Holding your tongue isn’t enough

Exactly how many Proverbs extol the benefits of taming one’s tongue? As a concept that rolls over far into the New Testament, and Luke 6:45 says “Out of the abundance of the heart / the mouth speaks.”

I believe it is good to show restraint, and have a holy form of self-control in all things, but is that all? What if restraining what comes out of our mouths is not fully addressing the root of the problem?

What if we keep our mouths shut not because we are trying to allow God to make us more holy, but because we believe that shutting up will solve problems we have to communicate to work through? What if seeing mouth = shut as good and mouth = open as bad doesn’t allow us to report abuse? Is the issue keeping our mouths open, or is it having good things to say in the first place? Could it be an issue of balance, and be both? What do y’all think?

Anger can sometimes be helpful in alerting us to injustice. We don’t have to respond in anger, but anger can certainly be a sort of smoke detector for emotions we may not be able to express otherwise. To me, controlling the tongue seems more about not being poised to fly off the handle and not being someone who sets off fires that destroy relationships. I know that there is probably more there. What happens when we are tempted to say something various times that we know is unfair, but we are so upset about it (a perceived injustice) that it’s clouding our good judgment? Is it enough to just shut up? If you’re mad, shouldn’t you express that anger in a format or to a friend in a way that will not hurt anyone, and then rebuke that sin? Because from my experience, sitting on sin doesn’t resolve it. You cant offer up what you deny exists. In that case, is taming our tongues more like a primary line of defense, or quality control? You can be upset or annoyed over something, simmer down, and resolve the issue with appropriate measures of time and patience.

As humans, we are often wrong when we get mad at others (subject matter) and again wrong in the execution of what we perceive as justice (manner of addressing the problem). Although guarding your tongue is sage advice, I think it may also have to do with cultivating the types of things that give life by saying, both to you and to your audience. You can’t do that if you are allowing sin to grow in your heart through anger, just like it does no good to spread it by opening one’s mouth. The process of holding one’s tongue could be one of those processes that is soul-deep, and should be addressed at the root of the sin equally if not more than how it comes out.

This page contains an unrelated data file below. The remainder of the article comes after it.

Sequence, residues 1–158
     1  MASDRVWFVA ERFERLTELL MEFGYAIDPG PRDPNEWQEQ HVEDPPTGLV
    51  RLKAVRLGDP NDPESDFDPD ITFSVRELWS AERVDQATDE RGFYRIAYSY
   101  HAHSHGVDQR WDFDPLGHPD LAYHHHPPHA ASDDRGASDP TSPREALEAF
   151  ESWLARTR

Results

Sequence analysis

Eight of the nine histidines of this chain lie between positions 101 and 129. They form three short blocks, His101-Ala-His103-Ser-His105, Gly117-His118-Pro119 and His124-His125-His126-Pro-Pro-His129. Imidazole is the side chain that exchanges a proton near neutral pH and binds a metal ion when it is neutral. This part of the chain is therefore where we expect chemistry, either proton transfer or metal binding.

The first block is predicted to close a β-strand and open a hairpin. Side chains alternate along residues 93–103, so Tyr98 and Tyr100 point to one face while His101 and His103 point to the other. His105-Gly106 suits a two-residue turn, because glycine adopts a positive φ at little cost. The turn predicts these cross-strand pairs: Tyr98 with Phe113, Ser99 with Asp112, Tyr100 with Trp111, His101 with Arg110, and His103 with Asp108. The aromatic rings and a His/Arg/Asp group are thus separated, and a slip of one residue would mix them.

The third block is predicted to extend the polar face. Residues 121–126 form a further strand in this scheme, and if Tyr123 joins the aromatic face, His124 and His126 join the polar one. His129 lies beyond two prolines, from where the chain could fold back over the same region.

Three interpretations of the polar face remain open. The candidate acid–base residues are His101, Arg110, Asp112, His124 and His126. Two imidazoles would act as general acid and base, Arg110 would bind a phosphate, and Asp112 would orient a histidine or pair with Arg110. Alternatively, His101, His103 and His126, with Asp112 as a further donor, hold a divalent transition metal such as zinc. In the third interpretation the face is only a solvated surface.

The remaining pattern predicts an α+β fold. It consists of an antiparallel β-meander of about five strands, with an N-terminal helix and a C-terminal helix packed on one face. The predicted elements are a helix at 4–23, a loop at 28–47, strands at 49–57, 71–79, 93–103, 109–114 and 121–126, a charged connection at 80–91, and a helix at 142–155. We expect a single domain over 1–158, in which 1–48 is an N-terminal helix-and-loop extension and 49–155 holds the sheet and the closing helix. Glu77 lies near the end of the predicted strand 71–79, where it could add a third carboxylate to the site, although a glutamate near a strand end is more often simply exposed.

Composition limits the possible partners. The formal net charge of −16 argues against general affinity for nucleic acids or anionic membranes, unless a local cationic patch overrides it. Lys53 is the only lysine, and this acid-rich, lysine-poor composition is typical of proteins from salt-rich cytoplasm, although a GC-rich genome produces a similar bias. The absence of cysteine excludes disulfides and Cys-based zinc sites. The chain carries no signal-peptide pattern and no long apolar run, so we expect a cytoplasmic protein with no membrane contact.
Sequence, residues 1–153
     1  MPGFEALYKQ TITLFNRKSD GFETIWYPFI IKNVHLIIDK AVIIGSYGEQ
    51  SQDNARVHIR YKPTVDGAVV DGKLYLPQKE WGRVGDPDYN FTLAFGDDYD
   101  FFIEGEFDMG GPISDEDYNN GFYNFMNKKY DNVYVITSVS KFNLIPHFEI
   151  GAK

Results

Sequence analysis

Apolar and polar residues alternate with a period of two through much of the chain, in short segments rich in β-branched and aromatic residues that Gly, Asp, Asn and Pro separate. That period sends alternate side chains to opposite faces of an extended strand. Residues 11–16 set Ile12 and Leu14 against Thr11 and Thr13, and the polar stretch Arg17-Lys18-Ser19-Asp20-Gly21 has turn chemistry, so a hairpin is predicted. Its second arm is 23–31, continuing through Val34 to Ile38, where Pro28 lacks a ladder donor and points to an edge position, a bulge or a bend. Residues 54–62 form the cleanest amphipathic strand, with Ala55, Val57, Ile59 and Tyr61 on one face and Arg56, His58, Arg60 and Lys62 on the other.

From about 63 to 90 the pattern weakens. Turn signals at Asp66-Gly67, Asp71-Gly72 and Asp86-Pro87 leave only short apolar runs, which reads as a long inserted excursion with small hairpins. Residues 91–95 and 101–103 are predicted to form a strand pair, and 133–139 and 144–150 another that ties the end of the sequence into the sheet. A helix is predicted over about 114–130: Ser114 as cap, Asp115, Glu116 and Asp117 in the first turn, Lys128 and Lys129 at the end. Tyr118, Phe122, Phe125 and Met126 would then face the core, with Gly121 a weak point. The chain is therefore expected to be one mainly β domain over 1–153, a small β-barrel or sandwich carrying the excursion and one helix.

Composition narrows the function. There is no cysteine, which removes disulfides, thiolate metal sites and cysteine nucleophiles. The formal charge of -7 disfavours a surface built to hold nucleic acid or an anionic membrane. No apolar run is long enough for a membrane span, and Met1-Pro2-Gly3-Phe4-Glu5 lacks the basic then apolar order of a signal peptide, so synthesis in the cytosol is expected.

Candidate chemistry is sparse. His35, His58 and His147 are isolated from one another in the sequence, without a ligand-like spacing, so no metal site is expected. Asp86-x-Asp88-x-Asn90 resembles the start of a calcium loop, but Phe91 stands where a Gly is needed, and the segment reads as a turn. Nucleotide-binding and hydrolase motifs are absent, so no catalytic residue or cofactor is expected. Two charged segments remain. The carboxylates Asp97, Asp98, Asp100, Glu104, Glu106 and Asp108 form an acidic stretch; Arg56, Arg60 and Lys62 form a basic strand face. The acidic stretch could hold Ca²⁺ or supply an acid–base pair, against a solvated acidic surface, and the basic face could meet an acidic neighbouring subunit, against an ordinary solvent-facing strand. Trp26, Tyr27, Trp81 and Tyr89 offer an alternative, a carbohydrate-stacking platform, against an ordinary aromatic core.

In the spirit of full disclosure, these are casual thoughts I’ve just happened upon, not the fruit of much scholarship or deep digging. If you have thoughts and would like to add a constructive comment, be my guest. I would love to hear from y’all.


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I am a second-grade teacher and pastor-to-be who loves people. I spend my weekends with friends or wandering the museums of DC alone and with a journal, trying to put words on the places of the soul that still feel wordless. I spent most of my days at school trying to learn patience through my students and running on sheer nerdy passion. I follow Jesus Christ, and savor that as my most important identity--that I am a child of God, as are infinite others, regardless of their other identities. Christ is my one thing.

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